How Money Influences Our Health and Wellbeing

Updated on January 30, 2021

As the late rapper Notorious B.I.G. once said, “More money, more problems.” But is that really true? While those with money and means are typically charged with more high-stakes responsibility, the trappings of wealth more than compensate for the so-called downsides. Nowhere is this more apparent than in the arena of healthcare, particularly in the United States of America.

Simply put, the wealthier you are, the healthier you are. There are many reasons for this, starting with the cost of medical treatment. Even with health insurance, many folks are forced to pay out-of-pocket for various treatments and therapies. They’ll go to and apply for an emergency loan if it means getting the medical care they need. They’ll go into debt in order to live.

Compare that to the experience of someone with wealth. They’ll also be expected to pay out-of-pocket now and then, but they’ll be able to pay it upfront without turning to loans or credit. They aren’t getting into debt in order to live.

There’s also the matter of the coverage included in health insurance plans. Generally speaking, plans with higher premiums provide more comprehensive coverage and require less out-of-pocket cost for the patient. But who can afford those expensive plans? Again, it comes down to wealth.

Then there’s the matter of environmental impacts on health and wellbeing. The poor and working-class are more likely to live in high crime areas with poor air quality and in close proximity to industrial operations. Those with wealth typically reside in suburban areas where it’s much safer and cleaner. These differences directly translate to discrepancies in health and wellness.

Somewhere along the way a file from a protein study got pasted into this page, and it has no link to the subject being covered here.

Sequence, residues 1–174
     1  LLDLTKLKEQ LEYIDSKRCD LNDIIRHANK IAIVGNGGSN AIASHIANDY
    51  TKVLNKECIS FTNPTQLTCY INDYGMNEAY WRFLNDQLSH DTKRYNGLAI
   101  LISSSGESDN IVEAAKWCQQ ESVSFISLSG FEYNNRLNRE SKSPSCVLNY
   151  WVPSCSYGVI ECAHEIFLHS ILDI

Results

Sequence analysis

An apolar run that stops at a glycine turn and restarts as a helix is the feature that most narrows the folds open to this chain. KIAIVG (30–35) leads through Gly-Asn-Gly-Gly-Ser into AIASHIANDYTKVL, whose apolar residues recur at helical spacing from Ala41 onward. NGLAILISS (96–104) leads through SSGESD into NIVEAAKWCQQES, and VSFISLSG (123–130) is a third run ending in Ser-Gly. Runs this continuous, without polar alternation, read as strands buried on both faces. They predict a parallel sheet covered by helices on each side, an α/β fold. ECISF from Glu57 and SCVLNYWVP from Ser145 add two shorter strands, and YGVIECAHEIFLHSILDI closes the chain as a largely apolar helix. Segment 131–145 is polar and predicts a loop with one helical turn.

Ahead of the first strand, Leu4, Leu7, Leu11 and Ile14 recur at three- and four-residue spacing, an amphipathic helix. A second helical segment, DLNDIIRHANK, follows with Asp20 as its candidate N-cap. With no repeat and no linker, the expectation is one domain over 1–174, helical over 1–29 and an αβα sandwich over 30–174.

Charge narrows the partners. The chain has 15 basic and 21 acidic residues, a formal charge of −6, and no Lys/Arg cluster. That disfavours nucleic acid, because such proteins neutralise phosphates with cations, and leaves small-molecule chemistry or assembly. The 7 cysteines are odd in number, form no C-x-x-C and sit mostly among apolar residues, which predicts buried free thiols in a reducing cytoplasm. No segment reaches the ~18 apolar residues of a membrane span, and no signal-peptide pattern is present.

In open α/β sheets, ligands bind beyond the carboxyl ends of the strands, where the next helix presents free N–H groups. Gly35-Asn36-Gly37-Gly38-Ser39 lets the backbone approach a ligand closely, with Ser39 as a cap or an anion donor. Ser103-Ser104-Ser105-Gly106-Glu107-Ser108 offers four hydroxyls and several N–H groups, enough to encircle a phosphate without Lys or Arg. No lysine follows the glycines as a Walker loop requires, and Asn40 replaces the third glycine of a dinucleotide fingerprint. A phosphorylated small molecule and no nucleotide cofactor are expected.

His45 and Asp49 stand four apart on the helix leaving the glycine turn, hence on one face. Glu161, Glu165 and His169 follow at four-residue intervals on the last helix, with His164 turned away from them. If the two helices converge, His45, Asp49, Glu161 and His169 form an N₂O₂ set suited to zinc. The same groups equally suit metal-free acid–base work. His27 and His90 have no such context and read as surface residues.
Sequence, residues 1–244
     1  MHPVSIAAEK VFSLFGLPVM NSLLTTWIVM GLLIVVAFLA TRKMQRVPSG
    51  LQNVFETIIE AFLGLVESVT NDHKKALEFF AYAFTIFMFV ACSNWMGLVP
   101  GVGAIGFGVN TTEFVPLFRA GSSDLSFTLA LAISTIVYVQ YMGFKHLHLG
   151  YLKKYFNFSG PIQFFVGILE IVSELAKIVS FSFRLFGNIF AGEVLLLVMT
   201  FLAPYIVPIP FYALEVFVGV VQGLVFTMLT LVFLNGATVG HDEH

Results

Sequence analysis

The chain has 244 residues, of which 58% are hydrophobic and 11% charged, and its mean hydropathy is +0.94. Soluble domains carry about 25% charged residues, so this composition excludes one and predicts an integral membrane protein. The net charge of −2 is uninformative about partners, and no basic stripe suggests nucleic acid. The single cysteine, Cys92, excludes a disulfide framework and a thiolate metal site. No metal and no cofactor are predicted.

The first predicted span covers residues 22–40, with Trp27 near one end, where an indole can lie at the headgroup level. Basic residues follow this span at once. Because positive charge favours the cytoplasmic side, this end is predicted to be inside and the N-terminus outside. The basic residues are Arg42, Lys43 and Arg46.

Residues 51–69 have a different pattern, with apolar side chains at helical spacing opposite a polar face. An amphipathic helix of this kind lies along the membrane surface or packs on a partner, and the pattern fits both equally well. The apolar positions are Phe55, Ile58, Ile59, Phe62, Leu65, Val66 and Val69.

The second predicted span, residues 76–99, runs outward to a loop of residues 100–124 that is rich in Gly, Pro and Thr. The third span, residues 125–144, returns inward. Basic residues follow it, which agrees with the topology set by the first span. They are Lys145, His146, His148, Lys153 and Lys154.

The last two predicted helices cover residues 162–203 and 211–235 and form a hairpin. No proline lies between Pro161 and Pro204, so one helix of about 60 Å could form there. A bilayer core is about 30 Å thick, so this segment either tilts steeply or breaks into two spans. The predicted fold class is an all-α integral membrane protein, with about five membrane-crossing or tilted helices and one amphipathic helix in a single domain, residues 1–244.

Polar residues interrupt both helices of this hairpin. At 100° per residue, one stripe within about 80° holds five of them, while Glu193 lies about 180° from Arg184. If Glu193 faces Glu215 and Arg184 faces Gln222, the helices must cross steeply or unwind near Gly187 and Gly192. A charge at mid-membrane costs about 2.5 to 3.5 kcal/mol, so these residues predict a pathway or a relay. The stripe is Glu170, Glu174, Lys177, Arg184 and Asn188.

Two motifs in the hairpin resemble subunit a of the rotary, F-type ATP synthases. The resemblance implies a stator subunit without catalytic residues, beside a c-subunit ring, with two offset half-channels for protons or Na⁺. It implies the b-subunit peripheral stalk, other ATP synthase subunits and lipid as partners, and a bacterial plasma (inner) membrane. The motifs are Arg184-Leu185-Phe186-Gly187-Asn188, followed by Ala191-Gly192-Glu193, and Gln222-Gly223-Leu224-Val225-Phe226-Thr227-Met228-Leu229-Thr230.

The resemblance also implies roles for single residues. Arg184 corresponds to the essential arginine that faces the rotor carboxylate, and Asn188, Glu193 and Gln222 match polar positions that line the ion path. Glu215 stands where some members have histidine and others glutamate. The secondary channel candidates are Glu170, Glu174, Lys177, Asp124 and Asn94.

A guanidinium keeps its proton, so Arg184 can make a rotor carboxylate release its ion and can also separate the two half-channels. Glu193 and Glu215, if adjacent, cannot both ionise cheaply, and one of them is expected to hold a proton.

Wealth – or lack thereof – plays a role in our diets and therefore our health. Generally speaking, wealthier families have access to healthier food options compared to those living in low-income areas. In fact, many of America’s poor live in what is referred to as a “food desert”, where there’s limited access to fresh produce and an abundance of cheap junk food.

Then there’s the matter of stress and its harmful effects on health and wellness. Few forms of stress compare to financial anxiety – worrying if you’ll be able to put food on the table or keep the heat on in winter. Years and years of financial anxiety become a silent killer, contributing to a greater likelihood of heart attack, stroke, and other deadly conditions.

As mentioned in the beginning, wealthy people certainly experience stress like everyone else. However, it’s not financial in nature. No matter how bad things get, they get to go to bed knowing they’ll always have a roof over their head. It’s a completely different kind of stress. There’s nothing existential at stake.

We could keep going, but you probably get the point. Wealth and health are closely linked. Even with systems in place to ensure everyone has access to treatment and insurance coverage, out-of-pocket expenses put a stranglehold on one group of people while only being a mild inconvenience to another. Wealthier people also get to live healthier lives. Finally, wealthy people aren’t constantly weighed down by financial anxiety, avoiding the health repercussions of excessive stress.

If that doesn’t sound right, then maybe it’s time for change.

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